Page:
"Corruptus in Extremis"
- The media does not get it. They think real elections take place in California and are "shocked" when voter turnout continues to fall and voters abandon the two major parties to register as independents.
- With the monster size of California districts only millionaires, or candidates willing to be bought and paid for by millionaires, have any chance at winning office.
- The people are given a phony "choice" of which bought off stooge to vote for in November.
(Contra Costa Times) - When it comes to California congressional races, the thrill is gone. Again.
It's a far cry from 2012, when after years of mostly deadly dull contests for House seats, the newly redistricted Golden State suddenly had as many as a dozen districts that the Democratic and Republican parties believed to be in play. Excited that it could help decide Capitol Hill's balance of power, California welcomed its newfound clout -- and a chance to soak up some lavish campaign spending instead of just serving as the nation's political ATM.
But now the political landscape looks downright barren.
"There seem to be fewer competitive seats," said Kyle Kondik, a congressional elections expert at the University of Virginia Center for Politics, noting that 2016 will be the third cycle with those redrawn district lines. "People have a better idea of what the districts are like and, while some of them seem competitive on paper, the incumbent party in every seat in the state has a bit of an advantage right now."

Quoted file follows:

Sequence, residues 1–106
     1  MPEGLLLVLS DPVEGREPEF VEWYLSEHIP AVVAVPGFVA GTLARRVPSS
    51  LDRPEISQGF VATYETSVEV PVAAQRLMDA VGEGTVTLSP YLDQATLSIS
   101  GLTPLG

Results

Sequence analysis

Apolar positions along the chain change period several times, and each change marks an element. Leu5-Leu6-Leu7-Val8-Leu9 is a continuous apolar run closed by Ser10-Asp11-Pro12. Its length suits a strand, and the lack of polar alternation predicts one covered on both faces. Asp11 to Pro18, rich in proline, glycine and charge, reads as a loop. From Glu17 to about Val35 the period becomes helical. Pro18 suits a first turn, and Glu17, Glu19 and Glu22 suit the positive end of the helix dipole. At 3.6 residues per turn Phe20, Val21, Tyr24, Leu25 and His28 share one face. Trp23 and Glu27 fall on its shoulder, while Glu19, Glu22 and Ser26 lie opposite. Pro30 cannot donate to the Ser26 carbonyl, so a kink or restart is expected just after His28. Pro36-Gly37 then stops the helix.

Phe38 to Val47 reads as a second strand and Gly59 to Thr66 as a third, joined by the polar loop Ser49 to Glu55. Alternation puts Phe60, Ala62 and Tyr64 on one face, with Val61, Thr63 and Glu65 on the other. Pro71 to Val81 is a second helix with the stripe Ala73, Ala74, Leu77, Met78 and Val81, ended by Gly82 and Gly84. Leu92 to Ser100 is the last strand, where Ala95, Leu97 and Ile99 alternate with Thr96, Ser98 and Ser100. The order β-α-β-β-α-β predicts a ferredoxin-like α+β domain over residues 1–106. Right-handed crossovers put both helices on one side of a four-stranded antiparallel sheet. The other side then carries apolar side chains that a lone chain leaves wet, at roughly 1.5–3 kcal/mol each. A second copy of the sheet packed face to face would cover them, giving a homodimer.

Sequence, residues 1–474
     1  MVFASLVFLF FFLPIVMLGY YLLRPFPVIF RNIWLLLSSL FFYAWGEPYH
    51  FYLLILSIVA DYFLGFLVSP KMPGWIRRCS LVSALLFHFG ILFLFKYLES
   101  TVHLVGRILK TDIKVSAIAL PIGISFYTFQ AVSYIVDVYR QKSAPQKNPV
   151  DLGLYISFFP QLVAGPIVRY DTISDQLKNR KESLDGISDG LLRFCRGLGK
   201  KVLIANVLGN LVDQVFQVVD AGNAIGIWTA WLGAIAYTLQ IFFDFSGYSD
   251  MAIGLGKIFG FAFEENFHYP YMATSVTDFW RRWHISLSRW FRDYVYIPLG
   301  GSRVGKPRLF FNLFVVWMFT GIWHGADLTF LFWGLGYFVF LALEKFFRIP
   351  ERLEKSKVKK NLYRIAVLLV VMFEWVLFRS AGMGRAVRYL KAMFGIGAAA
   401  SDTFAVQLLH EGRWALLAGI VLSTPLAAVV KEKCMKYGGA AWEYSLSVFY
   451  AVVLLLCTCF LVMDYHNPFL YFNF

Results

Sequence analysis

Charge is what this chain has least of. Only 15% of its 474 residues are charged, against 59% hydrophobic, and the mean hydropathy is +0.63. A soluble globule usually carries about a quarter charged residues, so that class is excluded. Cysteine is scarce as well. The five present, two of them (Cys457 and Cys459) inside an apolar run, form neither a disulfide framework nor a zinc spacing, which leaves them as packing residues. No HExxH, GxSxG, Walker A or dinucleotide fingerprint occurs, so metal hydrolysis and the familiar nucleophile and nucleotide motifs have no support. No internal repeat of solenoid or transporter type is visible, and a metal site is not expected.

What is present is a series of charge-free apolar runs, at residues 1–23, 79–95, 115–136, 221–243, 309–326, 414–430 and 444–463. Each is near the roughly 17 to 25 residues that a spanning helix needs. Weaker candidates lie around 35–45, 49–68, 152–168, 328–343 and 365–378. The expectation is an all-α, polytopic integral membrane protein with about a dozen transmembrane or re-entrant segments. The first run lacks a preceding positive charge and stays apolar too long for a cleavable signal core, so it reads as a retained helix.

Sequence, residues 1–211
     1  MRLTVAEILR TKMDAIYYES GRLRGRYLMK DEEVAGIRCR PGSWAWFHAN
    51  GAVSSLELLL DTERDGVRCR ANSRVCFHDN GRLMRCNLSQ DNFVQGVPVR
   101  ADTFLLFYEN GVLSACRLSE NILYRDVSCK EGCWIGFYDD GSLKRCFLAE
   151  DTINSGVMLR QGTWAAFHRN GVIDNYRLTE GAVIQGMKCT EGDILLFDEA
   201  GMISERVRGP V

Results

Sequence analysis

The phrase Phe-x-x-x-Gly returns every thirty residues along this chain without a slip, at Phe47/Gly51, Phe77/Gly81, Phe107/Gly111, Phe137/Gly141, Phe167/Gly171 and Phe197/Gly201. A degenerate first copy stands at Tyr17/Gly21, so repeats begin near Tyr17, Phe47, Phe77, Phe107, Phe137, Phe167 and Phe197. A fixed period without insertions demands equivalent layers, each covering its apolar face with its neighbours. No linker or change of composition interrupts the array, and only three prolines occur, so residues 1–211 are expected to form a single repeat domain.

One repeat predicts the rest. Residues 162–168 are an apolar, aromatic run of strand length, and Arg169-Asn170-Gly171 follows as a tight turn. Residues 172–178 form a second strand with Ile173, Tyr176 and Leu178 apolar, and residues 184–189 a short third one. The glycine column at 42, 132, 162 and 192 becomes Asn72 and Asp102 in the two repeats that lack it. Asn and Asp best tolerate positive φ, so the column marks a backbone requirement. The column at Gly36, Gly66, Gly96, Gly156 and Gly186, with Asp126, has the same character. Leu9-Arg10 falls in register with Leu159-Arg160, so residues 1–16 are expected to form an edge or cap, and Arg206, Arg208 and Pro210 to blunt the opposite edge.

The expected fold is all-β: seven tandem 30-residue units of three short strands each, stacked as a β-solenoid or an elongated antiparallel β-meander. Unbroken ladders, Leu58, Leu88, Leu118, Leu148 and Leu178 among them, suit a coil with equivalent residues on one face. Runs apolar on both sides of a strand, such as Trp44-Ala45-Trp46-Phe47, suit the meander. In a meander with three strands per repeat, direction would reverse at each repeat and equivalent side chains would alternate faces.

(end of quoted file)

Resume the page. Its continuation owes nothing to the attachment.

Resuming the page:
In 2012, the widely respected Cook Political Report saw three California House races as toss-ups and five more as competitive. Now it lists no California House seats as toss-ups, and only four as currently competitive: the seats held by Ami Bera, D-Elk Grove, in the Seventh District; Jeff Denham, R-Atwater, in the 10th; David Valadao, R-Hanford, in the 21st; and Steve Knight, R-Lancaster, in the 25th. Five other Democratic seats are deemed not yet competitive, but with the potential to become so.
Another reliable political prognosticator, the "Crystal Ball" maintained by Kondik's center, also sees no California toss-ups. It concurs that Bera's, Denham's and Valadao's districts are somewhat competitive, and adds the seats held by Rep. Scott Peters, D-San Diego, and the retiring Rep. Lois Capps, D-Santa Barbara.